‘And I’m thinking, can you imagine the ripple effect of that? There’s a young woman somewhere, who’s now a mother, and at the end of her father’s life they are connecting, and they’ve found peace and they talk on the phone once a week. There’s no way to know how much healthier that made that young woman, or how it will affect how she raises her children, and all because Tonia had walked into the room and asked him what mattered to him and how could she help him get through his day. He said he’d like to get in touch with his daughter, and that was that. To an outsider like me, this is magic.”

Ms Jones has just finished her latest film looking at nursing in seven emergency departments across the United States. She says what she saw was horrifying because of the relentless number of upsetting scenes, the violence and the trauma.

“I don’t know how any nurse does what they do, but aside from that, what really struck me was that in the middle of all these horrible, tragic moments, you would see a nurse lean over and just say, “hey, I’ve got you”, or give somebody water, and not just give it to them, but do it in a way that showed they cared for them. We would follow them on these 12- or 14-hour shifts and we’d see these little jewels of humanity shine through.”

The American Nurse book is a permanent record of nurses standing proudly in front of the work that they do, but although the black and white pictures are powerful, the work of nursing is always hidden behind the nurse in the photograph. And while she is proud of the book, Ms Jones says she realised she had never captured the nurses ‘walking over the threshold and into the lives of their patients’.

“That just haunted me, because I kept wanting to look around the nurses to see what was going on behind them, what nursing really looked like. When I was doing the book, I didn’t think that it was going to be a possibility to capture those intimate moments. We decided to follow five nurses into their worlds as they cared for their patients, and that’s how my making films about nurses started.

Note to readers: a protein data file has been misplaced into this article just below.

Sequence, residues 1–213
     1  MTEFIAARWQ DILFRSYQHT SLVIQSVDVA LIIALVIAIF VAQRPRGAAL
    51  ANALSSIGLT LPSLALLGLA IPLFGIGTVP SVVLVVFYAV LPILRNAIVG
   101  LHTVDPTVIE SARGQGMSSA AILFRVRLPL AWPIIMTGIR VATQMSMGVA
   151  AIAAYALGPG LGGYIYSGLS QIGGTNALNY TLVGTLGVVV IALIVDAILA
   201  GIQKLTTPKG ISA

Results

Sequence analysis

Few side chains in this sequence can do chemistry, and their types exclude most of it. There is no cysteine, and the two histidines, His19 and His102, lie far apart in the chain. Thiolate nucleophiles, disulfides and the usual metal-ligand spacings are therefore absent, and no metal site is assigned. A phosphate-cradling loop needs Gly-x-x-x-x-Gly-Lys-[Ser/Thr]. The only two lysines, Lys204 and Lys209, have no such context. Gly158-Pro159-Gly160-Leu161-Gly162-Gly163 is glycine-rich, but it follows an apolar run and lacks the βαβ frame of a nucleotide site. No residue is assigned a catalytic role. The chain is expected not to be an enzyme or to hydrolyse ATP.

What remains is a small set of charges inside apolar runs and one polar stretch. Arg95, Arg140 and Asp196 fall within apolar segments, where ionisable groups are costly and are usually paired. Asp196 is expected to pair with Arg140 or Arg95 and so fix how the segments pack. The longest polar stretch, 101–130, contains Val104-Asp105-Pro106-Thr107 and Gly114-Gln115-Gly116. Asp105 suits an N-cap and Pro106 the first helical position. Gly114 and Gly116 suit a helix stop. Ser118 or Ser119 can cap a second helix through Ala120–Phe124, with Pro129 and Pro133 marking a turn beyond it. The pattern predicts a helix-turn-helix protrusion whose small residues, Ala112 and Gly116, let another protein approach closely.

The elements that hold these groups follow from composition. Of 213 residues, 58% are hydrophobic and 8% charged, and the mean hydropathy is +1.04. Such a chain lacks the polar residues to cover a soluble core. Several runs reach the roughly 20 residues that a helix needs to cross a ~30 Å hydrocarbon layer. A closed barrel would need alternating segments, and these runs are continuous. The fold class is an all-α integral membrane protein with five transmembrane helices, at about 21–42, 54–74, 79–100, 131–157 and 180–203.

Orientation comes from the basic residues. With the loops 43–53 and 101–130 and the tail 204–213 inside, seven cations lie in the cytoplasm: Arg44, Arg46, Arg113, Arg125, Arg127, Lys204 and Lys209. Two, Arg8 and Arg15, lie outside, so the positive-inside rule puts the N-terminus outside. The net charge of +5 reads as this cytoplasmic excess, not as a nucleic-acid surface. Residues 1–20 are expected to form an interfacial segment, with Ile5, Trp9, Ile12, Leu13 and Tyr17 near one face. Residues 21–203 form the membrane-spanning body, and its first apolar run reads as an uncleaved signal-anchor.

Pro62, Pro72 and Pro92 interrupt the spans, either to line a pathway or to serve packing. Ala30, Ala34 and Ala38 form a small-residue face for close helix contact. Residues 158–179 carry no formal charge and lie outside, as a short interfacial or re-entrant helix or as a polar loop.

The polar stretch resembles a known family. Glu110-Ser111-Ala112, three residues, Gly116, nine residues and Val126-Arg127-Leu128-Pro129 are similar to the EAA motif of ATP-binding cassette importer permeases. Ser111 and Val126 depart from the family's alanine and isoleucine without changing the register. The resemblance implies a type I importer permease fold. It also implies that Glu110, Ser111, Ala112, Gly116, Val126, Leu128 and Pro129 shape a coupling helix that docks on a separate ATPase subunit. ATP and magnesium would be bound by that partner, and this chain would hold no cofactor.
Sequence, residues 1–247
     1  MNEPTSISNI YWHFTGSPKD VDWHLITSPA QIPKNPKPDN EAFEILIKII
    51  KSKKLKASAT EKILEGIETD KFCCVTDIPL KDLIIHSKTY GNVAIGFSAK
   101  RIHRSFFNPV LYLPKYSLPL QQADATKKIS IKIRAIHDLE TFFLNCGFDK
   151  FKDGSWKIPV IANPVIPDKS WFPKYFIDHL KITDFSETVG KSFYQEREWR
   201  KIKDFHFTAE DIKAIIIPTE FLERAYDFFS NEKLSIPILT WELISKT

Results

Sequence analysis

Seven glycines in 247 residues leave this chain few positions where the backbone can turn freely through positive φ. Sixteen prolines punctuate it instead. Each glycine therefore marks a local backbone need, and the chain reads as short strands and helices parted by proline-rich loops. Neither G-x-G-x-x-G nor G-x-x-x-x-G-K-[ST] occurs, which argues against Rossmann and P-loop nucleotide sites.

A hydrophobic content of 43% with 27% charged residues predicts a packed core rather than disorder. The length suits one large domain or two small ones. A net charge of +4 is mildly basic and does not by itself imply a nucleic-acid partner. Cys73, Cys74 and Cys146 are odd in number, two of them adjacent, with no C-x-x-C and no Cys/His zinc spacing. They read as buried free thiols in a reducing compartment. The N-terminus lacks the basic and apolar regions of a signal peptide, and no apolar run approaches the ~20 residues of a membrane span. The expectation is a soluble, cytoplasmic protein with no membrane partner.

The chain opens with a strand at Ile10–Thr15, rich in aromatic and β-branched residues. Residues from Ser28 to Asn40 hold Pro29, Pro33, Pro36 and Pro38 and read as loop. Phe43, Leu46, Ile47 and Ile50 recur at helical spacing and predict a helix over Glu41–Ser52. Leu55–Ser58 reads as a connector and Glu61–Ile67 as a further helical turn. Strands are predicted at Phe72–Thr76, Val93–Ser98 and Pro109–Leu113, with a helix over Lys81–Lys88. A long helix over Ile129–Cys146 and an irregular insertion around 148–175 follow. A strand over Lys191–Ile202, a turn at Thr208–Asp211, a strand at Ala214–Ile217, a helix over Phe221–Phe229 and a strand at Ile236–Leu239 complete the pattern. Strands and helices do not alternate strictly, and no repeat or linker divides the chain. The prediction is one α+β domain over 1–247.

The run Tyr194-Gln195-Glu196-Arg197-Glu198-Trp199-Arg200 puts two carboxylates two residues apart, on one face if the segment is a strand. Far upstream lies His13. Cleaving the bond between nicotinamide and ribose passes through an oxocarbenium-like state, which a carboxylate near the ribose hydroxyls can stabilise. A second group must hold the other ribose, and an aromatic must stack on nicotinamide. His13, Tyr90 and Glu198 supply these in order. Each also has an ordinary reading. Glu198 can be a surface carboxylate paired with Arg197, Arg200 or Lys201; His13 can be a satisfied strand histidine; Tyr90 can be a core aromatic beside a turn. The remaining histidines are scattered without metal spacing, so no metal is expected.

‘I feel that there’s all of us out here – laymen – and then there are nurses. I haven’t found another profession like this. No other profession offers as much purpose in life. I’m not a religious person, so for me, what we do right now as human beings is paramount. So telling these stories and letting them evolve and letting people see who nurses are, and giving them something to aspire to… because the darker our politics get over here, the more I feel thirsty for the qualities they exemplify… to be surrounded by nurses is heaven.”

Making films about nurses inevitably brought Ms Jones into contact with people who were dying, and she was struck by the fact that not everyone is destined to have a good death.

“I became extremely focused on the end of life and how we are not dying very well, so I decided to do a film that would focus on that and I knew that was going to be more complicated emotionally to do. To prepare myself, I volunteered at a hospital and in the hospice section so I could get accustomed to talking to people who were in a lot of pain or dealing with emotional and physical trauma. That was part of my education and then we followed a number of patients who were dealing with life-threatening illnesses in the second film, Defining Hope. And then we decided to do this film. I saw things that, honestly, just made me want to crumple to the floor and say, 'I can’t capture this'.

‘One of the first times we were on a night shift a child died in the emergency room. A baby. The family came in, and I had to watch the nurses come out of that area and immediately come and work on another patient who had been hit by a car. And the nurses were wiping their tears from their eyes, and there wasn’t even a second to process going from room A to room B.

‘And I just thought I would never be able to do this film. But then you think, people need to know what’s going on here. Clearly there aren’t enough nurses, and clearly, they must be walking around with post-traumatic stress every day, because this is so overwhelming, and we are asking them to care for us, and on top of that, we are rude to them. There was so much wrong with this picture and so I was determined to [be strong] and stomach what we were seeing, but there were many times I wanted to crumple and say, ‘it’s too much’.”

Her new film, based on these experiences, is called In Case of Emergency. It is planned to be premiered in New York in May 2020, and while it is notoriously hard to get documentary films into cinemas, Ms Jones is determined it should be seen in cinemas because such films are particularly powerful when seen with a mass audience.